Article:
- According to food activist, Vani Hari in her new book, The Food Babe Way, Monsanto has spent over $24 million in paying off government agencies and lobbying against GMO labeling. Hari has courageously exposed Monsanto and the health concerns of GMO foods and has been thanked by getting almost daily death threats – If that’s not bullying, I don’t know what is. Yet her message has been heard and received. Oprah Magazine recently dropped Monsanto’s ads and Starbucks is feeling a lot of pressure to drop Monsanto products too after her public campaign urged them to use organic milk.
3. Environmental Harm
It is widely believed that genetic engineering of plants and animals is looming as one of the greatest and most intractable environmental challenges of the 21st Century. What Monsanto is doing cannot easily be undone. For example:
- Crops are producing lower yields
- Bee colonies across North America are collapsing
- Superweeds are now becoming Roundup resistant, so that more and more glyphosate needs to be dumped on the crops we eat. Remember, Roundup ready seeds don’t die no matter how much glyphosate is used – the plants just soak it up.
The protective gear that must be worn when handling glyphosate, yet the company deems it’s safe for us to consume daily in our food.
4. Russian Roulette with our Health:
Realistically, there are not enough studies that have been done on the long-term impact of GE and GMO foods in humans. The studies that have been conducted on rats show cancerous tumors, showing up in the 4th month of being on a GMO diet. Monsanto has conducted one 90-day study – maybe because they knew the problems started showing up in the fourth month? You decide.
The independent studies to date have been performed on animals and all show consistent GMO toxicity leading to infertility, birth defects, premature aging, organ damage (particularly in the gastrointestinal system), cancerous tumors and immune dysfunction. You can read about some of these studies here.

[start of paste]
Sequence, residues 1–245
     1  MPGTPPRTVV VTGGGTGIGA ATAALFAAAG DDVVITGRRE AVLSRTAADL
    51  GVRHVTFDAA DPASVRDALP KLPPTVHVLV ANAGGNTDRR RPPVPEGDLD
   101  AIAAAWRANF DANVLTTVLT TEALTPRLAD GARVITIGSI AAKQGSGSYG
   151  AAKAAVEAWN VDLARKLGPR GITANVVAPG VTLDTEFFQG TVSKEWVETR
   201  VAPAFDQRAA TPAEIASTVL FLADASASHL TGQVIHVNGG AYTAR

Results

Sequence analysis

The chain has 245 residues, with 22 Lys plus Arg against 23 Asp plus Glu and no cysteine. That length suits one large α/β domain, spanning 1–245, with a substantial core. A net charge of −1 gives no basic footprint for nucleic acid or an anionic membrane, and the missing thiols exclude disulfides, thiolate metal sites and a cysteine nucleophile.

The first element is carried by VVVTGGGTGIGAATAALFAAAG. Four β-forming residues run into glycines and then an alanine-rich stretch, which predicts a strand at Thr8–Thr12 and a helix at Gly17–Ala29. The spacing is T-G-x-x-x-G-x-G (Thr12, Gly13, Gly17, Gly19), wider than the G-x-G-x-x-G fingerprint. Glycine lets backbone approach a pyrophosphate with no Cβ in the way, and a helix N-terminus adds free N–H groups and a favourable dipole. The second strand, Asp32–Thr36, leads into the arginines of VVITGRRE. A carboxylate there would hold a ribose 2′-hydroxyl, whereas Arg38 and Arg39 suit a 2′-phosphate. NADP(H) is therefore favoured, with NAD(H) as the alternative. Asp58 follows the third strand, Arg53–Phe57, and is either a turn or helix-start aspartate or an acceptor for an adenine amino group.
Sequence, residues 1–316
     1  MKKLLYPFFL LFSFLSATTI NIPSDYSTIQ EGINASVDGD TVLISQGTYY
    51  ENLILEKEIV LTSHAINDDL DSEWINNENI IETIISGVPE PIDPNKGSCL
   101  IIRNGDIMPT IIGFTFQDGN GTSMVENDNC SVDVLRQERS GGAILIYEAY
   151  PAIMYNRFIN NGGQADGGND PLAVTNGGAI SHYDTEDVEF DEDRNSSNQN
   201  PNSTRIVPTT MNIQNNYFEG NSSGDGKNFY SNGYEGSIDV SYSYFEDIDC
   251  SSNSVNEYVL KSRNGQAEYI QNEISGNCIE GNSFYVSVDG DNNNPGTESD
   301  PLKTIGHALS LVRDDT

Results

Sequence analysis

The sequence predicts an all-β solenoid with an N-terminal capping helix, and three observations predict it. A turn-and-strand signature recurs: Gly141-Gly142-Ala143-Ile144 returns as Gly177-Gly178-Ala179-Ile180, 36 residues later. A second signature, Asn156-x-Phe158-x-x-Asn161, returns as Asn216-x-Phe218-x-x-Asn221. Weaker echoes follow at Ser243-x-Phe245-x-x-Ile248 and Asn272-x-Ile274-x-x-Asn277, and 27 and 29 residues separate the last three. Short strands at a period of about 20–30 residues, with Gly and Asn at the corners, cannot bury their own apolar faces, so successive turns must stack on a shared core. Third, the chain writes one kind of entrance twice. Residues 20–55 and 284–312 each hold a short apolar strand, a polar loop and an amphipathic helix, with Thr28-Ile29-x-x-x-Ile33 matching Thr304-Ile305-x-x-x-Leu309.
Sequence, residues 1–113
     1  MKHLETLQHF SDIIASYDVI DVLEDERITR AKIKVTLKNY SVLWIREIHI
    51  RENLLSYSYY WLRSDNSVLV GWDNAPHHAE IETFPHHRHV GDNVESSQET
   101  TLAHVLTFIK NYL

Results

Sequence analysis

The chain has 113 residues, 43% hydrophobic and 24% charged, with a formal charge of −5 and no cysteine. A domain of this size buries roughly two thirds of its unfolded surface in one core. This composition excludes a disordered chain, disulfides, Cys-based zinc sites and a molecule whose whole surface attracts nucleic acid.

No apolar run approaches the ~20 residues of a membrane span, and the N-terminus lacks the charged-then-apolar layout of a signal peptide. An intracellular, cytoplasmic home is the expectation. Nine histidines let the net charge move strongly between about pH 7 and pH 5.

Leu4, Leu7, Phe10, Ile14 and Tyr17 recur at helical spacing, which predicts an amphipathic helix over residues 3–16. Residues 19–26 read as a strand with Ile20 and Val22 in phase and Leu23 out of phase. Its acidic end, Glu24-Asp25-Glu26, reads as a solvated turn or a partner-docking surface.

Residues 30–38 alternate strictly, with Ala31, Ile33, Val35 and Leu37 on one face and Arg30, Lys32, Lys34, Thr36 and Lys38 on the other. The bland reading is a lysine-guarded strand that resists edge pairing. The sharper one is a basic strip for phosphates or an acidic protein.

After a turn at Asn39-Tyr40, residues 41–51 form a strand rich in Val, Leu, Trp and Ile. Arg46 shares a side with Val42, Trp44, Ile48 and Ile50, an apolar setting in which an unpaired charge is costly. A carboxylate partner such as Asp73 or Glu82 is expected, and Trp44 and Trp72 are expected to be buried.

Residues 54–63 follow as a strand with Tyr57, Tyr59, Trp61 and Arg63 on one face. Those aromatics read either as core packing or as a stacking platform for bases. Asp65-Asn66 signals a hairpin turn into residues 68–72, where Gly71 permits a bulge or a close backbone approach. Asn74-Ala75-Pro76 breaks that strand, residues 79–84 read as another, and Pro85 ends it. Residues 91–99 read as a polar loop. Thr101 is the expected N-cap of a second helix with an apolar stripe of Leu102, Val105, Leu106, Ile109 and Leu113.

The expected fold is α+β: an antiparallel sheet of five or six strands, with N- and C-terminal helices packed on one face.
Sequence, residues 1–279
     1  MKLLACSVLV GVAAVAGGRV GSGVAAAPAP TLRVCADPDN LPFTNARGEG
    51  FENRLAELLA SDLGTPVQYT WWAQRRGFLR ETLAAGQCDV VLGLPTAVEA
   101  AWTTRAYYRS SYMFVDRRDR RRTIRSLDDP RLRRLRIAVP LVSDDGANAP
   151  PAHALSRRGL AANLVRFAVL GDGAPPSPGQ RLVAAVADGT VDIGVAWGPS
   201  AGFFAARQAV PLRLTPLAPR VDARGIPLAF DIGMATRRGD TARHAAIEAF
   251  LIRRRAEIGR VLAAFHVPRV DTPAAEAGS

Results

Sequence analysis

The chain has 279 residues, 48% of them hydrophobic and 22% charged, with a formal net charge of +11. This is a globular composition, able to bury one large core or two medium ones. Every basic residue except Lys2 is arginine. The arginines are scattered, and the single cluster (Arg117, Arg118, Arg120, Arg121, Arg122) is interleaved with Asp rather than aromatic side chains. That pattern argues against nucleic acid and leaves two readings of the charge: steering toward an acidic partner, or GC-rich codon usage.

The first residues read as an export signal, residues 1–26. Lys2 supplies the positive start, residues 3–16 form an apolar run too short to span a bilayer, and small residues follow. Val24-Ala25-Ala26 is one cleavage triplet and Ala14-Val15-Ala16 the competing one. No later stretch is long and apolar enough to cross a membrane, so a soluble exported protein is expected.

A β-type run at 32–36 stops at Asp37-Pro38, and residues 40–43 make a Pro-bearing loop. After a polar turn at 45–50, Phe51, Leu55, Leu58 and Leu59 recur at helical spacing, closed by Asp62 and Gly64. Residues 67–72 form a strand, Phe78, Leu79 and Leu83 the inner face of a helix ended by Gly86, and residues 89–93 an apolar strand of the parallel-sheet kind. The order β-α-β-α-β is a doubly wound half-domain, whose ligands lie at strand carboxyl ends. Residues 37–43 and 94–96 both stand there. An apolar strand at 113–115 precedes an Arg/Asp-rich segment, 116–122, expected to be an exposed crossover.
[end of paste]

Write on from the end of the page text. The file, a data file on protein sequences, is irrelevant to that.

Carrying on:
To sum things up on a personal note, I remember being outraged in a college class in 2002 when our professor asked us to debate the controversial decision that Zambian President Levy Patrick Mwanawasa made when he decided not to accept 50,000 tons of GMO food aid that was badly needed to feed his country of starving citizens. At the time, I couldn’t understand why he would let his people go hungry when being offered this food. Now I realize he clearly understood something I didn’t at the time. The Chicago Tribune sums it up best:
“The president of Zambia says his nation would ‘rather starve’ than feed genetically modified corn to its people. So when the government of Zambia said ‘thanks but no thanks’ to much-needed food aid that was to contain more than 50,000 tons of genetically modified corn from the United States, it was one of the most significant pieces of evidence that the rest of the world has not joined the United States in its unquestioning acceptance of what the British call “’Frankenstein foods’ aka GMO crops.”
It is important to note that GMO products are significantly restricted or outright banned in more than 60 countries.
Former Zambian President Mwanawasa
I don’t like to end an article stuck in the problem, so I encourage us all to take action to be part of the solution. Here are 3 things YOU can do:
- Talk to your friends and family, repost this blog and bring awareness to this important topic. With knowledge comes responsibility. It’s estimated that if we don’t clean up GMOs in our food and water supply, as many as 50% of newborn children will be autistic by 2050.
- Vote with your dollar! When companies see feedback from consumers that show up on their bottom line reflecting a loss in gross sales, they pivot their business strategy. They will always find another way to win customers back. In fact, consumer-savvy Target Corp. launched a Made to Matter campaign and is nearly doubling the number of brands and products in the organic/non-GMO and sustainable arena because they understand where customer demand is headed.
- Ask for GMO testing by signing campaigns and vote YES on upcoming bills to label GMO foods. Our future depends on it.